The Nigerian Deposit Insurance Corporation (NDIC) in its 2018 result announced worrisome figure about Microfinance banks Non-Performing Loan (NPL) that dropped to N25billion, 5.2 per cent decline from N26.18 billion reported in 2017.
The nation’s economy subsector does not operate in isolation as commercial banks are also faced with NPL, attributable to dwindling global prices.
The Nigerian economy last year passed through numerous challenges that include power shortage, dilapidated infrastructure, high cost of doing business, mismanagement of deposit funds by Managers of these banks, among others.
All these challenges are major factors contributing to the MfBs’ NPL over the years.
The economy has not been friendly, things have been very tough and prices are going up while income is coming down amid double digit inflation rate.
The subsector stands as the only means to reach those at the grassroot and it has not performed its mandate.
However, according to NDIC, the NPLs (portfolio-at-risk) ratio improved from 13 per cent in 2017 to 11.20 per cent in 2018 but still above the regulatory threshold of five per cent.
The report by NDIC, noted that the South-West Zone had the highest number of operational MfBs of 309, against 361 in 2017. The number of MfBs in the South-South region also dropped to 90 in 2018 from 112 in 2017. In the South-East, it dropped to 156 in 2018 from 177 in 2017. For the Northwest, it dropped from 132 MFBs in 2017 to 117 in 2018.
“The North Central recorded a drop from 184 in 2017 to 147 in 2018. However, the number of MFBs in the North-East remained unchanged at 42.”
The NDIC examined 294 MFBs, focusing on their operations, board and management oversight, risk management practices, internal control systems, and the level of compliance with applicable laws, rules and regulations.
Realizing the decline in operations of MfBs in the country, the Central Bank of Nigeria (CBN) in July directed operators to acquire 64 new customers per month.
The directive follows the revised national financial inclusion target that aims to accelerate progress towards the achievement of 80 per cent financial inclusion target by the year 2020.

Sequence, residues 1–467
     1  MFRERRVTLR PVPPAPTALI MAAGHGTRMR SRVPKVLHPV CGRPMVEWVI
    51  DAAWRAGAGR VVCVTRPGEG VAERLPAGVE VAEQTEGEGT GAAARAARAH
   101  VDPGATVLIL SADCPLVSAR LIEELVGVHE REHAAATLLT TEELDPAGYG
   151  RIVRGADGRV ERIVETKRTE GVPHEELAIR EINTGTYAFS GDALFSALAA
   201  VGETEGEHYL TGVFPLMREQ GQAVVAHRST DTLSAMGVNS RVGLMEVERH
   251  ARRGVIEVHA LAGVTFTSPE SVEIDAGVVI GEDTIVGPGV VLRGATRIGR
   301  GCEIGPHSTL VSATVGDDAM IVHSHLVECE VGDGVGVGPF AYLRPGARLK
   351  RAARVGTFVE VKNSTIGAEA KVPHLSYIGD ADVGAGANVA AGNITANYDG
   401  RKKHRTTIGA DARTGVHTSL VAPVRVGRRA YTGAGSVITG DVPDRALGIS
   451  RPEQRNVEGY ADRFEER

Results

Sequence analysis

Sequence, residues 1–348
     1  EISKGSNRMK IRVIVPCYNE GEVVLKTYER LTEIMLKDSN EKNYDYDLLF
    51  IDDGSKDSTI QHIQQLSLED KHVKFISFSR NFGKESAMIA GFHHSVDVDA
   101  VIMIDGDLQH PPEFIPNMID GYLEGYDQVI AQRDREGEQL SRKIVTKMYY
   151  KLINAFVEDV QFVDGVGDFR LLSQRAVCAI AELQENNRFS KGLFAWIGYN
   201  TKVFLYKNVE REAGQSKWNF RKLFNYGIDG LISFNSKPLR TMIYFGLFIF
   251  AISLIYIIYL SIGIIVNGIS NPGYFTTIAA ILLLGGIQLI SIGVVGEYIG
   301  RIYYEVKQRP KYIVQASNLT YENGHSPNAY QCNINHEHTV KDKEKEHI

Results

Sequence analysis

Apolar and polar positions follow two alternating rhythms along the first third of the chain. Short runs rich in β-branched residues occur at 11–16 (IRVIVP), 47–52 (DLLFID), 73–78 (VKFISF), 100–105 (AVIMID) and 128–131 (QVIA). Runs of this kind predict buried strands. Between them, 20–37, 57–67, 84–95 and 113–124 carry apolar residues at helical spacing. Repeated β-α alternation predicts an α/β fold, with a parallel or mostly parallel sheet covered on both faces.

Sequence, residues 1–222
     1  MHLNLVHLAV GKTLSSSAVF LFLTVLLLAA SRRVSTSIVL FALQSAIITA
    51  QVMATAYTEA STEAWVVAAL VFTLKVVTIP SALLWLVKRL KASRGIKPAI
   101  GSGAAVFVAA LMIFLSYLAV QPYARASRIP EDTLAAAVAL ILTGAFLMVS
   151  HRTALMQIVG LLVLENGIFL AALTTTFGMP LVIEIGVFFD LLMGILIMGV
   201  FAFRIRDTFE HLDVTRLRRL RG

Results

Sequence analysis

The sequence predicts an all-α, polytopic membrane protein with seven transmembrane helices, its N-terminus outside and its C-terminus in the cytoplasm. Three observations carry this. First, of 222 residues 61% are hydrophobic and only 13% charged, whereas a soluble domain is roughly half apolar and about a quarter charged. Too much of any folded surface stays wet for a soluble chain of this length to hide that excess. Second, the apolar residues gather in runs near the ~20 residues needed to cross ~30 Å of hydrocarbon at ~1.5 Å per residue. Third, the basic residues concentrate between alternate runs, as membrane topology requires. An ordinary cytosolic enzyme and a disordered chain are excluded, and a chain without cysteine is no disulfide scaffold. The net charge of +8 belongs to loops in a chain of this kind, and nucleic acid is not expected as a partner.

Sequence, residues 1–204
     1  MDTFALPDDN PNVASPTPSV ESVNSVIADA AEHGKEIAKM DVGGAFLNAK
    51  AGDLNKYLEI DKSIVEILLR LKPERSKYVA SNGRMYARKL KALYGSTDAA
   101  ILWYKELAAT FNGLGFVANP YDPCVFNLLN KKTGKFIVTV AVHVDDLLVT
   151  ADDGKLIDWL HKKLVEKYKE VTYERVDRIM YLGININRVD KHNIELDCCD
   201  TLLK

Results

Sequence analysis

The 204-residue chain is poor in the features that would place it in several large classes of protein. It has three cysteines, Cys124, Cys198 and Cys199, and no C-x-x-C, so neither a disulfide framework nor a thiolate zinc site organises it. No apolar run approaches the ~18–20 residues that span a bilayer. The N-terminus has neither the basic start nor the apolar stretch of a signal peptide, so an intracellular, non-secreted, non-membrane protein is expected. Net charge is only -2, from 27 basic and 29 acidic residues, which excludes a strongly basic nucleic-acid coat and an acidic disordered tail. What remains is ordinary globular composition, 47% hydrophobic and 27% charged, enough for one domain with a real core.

As gathered by our correspondent, the enforcement across the country has been effective across the country but needs effective monitoring by the apex regulator
We urged stakeholders to re-strategically positioned MfBs to expand the financial frontier and stimulate the exploitation and development of economic opportunities in the informal sector through the provision of traditional and even non-traditional banking services such as technical and managerial, assistance, sale of output and input purchase financing, machinery and equipment leasing and community development financing.
Also, our position is that the government should recognize the need to achieve sustainable economic development. Resources must be channeled by The government towards financial empowerment of population in the rural areas and urban slums, improve the standard of living of the economically active poor, catalyze rural transformation and foster the growth of Small and Medium Enterprises (SMEs).
The microfinance banks are the cornerstone for the promotion of rural development through financial inclusion and financial literacy, deposit mobilization and credit delivery to finance microenterprises, boosting small-scale enterprises/agriculture by financing them or by acting as channels for on-lending funds to beneficiaries, generating employment, among others.
The National Association of Microfinance Banks (NAMB) must brainstorm on saleable products that stands a chance to attract customers to open account with their members and mandate members to comply.
Incentive must be introduced and members must be encouraged to work in line with CBN directive.